Textbooks are a crucial part of the learning process. They serve both as a substitute and a complement to a teacher. The organisation and content of a textbook is a physical manifestation of the curriculum and the structure of knowledge itself—it has a start and an end, and is arranged by key themes. Though there have been continuous debates about whether textbooks are necessary for education, the need for a resource which compiles ideas and gives an overall framework of the subject appears critical.
With an increasing dependence on remote learning and self-learning, the choice of a textbook determines how the learner approaches and understands a discipline. The geometric approach to algebra gives a viewpoint that’s different from the algebraic approach. In some cases, the choice also defines whether you understand the topic or if learning is confined to examinations.
Especially in undergraduate studies, some books have been considered classics and are usually suggested by the instructor. The selection of a textbook is affected by academic inertia. When given an option to choose a text, professors prefer the classics and those used during their own undergraduate studies as they are already comfortable with the book’s content and organisation. Though newer editions of the textbooks are published periodically, the change mostly is limited to the cover, page numbers and price. Some changes are made in the sidebar, and supplementary material is added, but they are usually ignored. In a survey conducted by Student PIRGs, 76% of the faculty said that the newer editions are rarely justified. Most new authors also follow an approach and structure that is very similar to the classics.
The fundamental ideas in science, their interpretation and the approach to problems have seen significant transformations in the last century. Though the special theory of relativity has been around for more than a century, its position in undergraduate textbooks for mechanics remains confined to the last chapters. Similarly, Emmy Noether’s work which revealed the deep fundamental connection between symmetries and conservation laws, is rarely mentioned in textbooks.
Analytical techniques have always been and probably will always be of fundamental importance to scientific education. However, numerical and computational methods are becoming increasingly important in today’s world. They are applied in just about every scientific and engineering field, yet their presence is limited to dedicated textbooks. The advent of personal computers at affordable prices has made it possible to execute and understand these approaches, unlike in the 1960s. In a world connected with the internet and numerous data-oriented experiments, knowing these methods is handy in every field. A numerical approach also provides a practical, intuitive approach to problems.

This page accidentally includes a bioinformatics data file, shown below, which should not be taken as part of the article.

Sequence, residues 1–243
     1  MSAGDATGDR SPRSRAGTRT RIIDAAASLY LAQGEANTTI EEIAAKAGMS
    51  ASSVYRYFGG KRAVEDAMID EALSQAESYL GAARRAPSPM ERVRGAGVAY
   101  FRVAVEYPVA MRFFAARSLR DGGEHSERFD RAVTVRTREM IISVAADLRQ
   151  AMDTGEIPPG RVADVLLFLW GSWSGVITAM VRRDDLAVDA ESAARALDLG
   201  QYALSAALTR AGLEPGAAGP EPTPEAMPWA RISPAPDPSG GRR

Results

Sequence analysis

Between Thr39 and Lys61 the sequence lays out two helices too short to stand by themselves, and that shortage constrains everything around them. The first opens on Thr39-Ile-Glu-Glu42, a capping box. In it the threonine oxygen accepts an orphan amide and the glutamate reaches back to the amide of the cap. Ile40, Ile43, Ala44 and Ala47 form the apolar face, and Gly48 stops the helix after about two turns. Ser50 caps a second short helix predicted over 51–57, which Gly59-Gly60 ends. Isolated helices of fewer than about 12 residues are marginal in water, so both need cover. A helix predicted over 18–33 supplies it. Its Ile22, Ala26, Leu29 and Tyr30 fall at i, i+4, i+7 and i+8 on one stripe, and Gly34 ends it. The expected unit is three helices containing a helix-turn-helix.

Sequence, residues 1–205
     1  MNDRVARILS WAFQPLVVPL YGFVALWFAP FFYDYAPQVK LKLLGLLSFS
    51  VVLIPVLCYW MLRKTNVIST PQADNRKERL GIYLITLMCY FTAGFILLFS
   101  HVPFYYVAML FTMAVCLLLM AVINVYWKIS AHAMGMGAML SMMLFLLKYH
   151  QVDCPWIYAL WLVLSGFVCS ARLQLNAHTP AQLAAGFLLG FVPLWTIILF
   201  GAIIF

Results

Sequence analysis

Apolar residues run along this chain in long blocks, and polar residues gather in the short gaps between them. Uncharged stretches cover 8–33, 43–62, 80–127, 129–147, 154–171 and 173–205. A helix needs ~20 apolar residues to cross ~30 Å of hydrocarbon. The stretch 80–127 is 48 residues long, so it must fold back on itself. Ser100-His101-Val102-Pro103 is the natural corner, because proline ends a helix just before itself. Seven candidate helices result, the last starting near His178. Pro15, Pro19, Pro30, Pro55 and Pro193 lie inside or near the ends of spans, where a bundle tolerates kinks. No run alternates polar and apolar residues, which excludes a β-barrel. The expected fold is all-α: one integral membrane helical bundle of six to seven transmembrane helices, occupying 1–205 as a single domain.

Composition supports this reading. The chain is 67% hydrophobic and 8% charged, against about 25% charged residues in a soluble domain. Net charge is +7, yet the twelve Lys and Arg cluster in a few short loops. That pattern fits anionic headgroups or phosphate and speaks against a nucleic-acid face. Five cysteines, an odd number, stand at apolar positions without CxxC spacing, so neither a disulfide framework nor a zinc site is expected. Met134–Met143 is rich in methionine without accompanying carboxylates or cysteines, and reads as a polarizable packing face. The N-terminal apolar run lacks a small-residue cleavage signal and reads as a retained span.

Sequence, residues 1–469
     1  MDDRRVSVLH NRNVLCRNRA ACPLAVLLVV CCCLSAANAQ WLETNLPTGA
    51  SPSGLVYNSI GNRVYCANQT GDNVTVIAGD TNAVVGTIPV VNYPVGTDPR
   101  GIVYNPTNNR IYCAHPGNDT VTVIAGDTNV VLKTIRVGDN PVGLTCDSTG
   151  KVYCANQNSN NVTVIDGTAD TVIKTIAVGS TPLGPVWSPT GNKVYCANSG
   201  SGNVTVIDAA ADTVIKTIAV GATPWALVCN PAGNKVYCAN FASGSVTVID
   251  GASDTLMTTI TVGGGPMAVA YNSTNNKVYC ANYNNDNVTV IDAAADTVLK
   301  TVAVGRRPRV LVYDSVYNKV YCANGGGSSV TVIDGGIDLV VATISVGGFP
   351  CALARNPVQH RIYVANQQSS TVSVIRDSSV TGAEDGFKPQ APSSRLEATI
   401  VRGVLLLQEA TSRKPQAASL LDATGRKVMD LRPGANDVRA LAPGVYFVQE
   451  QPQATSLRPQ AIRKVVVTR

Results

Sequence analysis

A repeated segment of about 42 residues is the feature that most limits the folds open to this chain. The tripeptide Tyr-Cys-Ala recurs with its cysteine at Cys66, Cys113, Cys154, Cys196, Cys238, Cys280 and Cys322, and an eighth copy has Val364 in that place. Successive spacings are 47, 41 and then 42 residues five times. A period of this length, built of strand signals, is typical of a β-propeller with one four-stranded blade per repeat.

What can be done?
Some textbooks and authors have used new and innovative approaches. Feynman’s Lectures on Physics is one such effort. While most books and introductory courses target those planning to study medicine or engineering and focus on formulaic problem-solving and exam preparation, Feynman’s Lectures stress cultivating a wonder for nature and the development of physical intuition. To quote Rob Phillips, “Feynman’s physics is about simplicity, beauty, unity and analogy, presented with enthusiasm and insight that bursts from the page”. Recently, I also came across a book called Matter & Interactions by Ruth Chabay and Bruce Sherwood. The book starts from basic principles and does not wait till the last pages to introduce fundamental concepts like the special theory of relativity. It also integrates numerical methods to develop simple computational models. Such revamping of the approach is essential.
Owing to the rise in use of e-books, measures such as embedding links to useful resources and recent developments in the field and, more importantly making the books available in digital format at an affordable price are crucial. It is also worth mentioning the Global Teacher Prize 2020, which was awarded to Ranjit Dinsale, a primary school teacher from India, for his innovative teaching methods. Amongst his many other achievements, he embedded unique QR codes to give students access to multimedia resources to make the textbooks more useful to pupils. Furthermore, he upgraded the QR-coded textbooks with an immersive reader and Flipgrid tools to aid students with special needs. Such improvisations make learning a better experience.
The higher costs of textbooks have resulted in students drifting towards open source and free content available on the internet. Efforts from various publications to make the textbooks available for free during the pandemic are to be appreciated. The digital era brings in multiple possibilities to make learning more comfortable and accessible. The need of the hour is to reconsider our approaches and update them periodically.